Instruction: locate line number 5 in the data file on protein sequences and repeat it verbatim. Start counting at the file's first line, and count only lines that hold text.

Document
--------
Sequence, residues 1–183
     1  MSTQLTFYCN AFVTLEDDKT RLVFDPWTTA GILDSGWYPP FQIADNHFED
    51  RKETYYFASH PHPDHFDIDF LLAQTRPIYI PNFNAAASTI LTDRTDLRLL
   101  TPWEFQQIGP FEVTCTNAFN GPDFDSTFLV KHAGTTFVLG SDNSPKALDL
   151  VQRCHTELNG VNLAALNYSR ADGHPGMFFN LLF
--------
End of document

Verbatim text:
   151  VQRCHTELNG VNLAALNYSR ADGHPGMFFN LLF